As someone who grew up watching Wallace and Gromit shorts, and later their feature films like Chicken Run, you can imagine my excitement when I was asked by my taskmaster Brendon to do a tour of one of Aardman’s studios down in Bristol.
I was slightly less excited when I was told that as part of the tour I’d have to do several pieces to camera for the video report that we’ll be publishing soon. I haven’t seen the footage but from experience I know that every time I’m on camera I maintain the air of someone looking down the barrel of a loaded gun…
Aardman is still led by its founders Peter Lord and David Sproxton who first established the company in 1972. Their reach and style extends much further than you might think, as demonstrated by a sizzle reel shown during my tour. Using a combination of hand-drawn, computer-generated and stop-motion animation, they’ve produced dozens of commercials from the well-known Creature Comfort ads for Heat Electric to the most recent run of NPower spots.
A couple of years back, Aardman signed a deal with Sony Pictures Animation to collaborate on a number of feature films. The first of these was Arthur Christmas, released earlier this month, but my tour took me onto the set of their next big project, The Pirates! In An Adventure With Scientists, which is being directed by co-founder Peter Lord.
This film stars the voices of Hugh Grant, Martin Freeman, Lenny Henry, and Ashley Jensen as a ragtag band of pirates who take part in, as you will probably have guessed, an adventure with scientists. One of these scientists is David Tennant, disguising his Scotch accent again to play Charles Darwin.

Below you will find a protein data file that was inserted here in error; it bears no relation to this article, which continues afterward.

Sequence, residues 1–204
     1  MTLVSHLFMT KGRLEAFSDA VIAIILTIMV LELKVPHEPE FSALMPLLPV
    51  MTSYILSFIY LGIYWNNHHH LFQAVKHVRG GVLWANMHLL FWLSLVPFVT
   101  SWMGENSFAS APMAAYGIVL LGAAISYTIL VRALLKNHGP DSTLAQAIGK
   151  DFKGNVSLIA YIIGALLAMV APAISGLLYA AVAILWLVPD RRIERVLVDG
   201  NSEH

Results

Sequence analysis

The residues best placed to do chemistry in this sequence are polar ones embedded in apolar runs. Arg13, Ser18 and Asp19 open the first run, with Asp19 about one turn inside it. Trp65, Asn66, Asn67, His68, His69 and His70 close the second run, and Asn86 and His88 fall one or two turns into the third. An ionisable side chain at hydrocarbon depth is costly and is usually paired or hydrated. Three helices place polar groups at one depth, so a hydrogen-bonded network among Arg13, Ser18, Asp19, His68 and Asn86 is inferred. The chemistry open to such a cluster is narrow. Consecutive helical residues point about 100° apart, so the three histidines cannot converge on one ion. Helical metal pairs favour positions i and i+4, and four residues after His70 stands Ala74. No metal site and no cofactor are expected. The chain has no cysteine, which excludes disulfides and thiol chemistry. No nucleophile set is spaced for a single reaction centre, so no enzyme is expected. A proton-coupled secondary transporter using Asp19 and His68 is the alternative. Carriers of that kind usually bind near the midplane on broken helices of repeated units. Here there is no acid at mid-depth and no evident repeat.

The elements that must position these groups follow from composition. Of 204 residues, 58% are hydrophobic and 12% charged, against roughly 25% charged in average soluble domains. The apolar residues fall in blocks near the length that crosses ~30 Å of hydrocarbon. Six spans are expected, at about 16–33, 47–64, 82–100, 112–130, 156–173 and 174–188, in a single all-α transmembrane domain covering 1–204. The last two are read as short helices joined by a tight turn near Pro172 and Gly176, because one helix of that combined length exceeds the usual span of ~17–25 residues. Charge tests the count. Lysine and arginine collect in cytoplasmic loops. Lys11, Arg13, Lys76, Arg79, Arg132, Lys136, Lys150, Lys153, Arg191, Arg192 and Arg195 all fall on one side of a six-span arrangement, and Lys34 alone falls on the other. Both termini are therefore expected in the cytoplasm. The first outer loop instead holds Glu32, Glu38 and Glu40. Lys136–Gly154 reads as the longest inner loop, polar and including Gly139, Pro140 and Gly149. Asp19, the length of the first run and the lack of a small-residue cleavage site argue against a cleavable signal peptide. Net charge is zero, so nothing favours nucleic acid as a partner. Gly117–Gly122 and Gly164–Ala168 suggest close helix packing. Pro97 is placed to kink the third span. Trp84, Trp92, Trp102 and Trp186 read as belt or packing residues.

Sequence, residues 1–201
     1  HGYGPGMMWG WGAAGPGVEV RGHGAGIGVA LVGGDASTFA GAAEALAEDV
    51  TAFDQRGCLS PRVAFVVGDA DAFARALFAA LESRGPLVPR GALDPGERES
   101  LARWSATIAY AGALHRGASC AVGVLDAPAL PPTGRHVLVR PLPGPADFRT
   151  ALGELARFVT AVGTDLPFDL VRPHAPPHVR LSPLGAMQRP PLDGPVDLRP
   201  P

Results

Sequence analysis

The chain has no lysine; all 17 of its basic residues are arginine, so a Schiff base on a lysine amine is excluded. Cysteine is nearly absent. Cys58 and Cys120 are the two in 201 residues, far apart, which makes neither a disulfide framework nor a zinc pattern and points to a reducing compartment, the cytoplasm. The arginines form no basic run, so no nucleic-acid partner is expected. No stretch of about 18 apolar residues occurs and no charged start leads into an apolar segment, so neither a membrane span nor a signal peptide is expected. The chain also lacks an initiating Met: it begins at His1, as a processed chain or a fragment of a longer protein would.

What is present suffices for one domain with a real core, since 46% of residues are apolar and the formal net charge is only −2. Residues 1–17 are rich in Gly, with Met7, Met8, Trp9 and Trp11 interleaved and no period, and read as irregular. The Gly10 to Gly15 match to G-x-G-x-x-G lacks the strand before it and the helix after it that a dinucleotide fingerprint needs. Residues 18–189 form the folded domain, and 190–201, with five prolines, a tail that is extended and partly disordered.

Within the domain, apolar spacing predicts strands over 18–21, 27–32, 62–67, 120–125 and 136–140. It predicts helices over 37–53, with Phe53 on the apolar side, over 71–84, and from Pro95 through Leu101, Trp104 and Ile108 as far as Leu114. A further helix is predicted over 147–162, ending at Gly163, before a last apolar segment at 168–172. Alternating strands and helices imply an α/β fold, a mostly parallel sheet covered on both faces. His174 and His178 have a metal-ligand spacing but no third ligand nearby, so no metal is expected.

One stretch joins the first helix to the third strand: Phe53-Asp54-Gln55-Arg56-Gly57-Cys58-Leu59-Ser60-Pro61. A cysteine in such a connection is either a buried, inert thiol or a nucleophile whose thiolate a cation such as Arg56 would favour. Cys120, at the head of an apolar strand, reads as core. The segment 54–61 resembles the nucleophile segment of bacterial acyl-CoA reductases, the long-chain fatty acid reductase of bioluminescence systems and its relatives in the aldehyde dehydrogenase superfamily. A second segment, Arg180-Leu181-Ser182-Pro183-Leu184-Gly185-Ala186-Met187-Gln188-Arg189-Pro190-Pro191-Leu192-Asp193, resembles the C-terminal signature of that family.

Pirates! will be the first Aardman feature to use a combination of stop motion animation and CGI environments. The stop motion component remains as labour intensive as ever, however. A crew of approximately 300 people worked on the film during production, divided up into approximately 41 units, often with all of them operating simultaneously. I was told that each animator will turn out approximately four seconds of footage per week.
The sets range in size from a pirate ship the size of a slightly underfed walrus to an elaborate reproduction of Queen Victoria’s kitchen, which is about the size of a room in cheap student accommodation.
At one point I was holding a model of Hugh Grant’s character, The Pirate Captain – a 30cm tall construct of elaborately painted silicone over a flexible wire frame – and was casually told by the lead modeller that it was worth approximately £20,000.
I put it down quite carefully.
Nearby, like something you’d find in the house from The Texas Chainsaw Massacre, was a case full of Pirate Captain mouths, about fifty of them, and designed to be switched in and out of the model with relative ease.
The level of detail and ingenuity in both the sets and the models is astounding, from a frog being inserted head-first into a mincer in Queen Victoria’s kitchen to the machinery used inside a model carriage to make it rock realistically as it moves.
The expense, scale, time and sheer hard work that goes into hand-crafting a stop-motion production from start to finish is hard to believe, and it’s even harder to conceive what the animation process must have been like in Aardman’s early days of hand-sculpted clay figurines, a smaller team of animators and hand-built environments.
While there are lots of new techniques and technologies to make some of the process easier, it’s obvious that Aardman still take great care and make their films with love.
I can’t wait to see the finished product.
The Pirates! In An Adventure With Scientists will be released in the UK on March 28th 2011.
The video tour, with footage of some of the sets mentioned, will go live on Bleeding Cool nearer to release.
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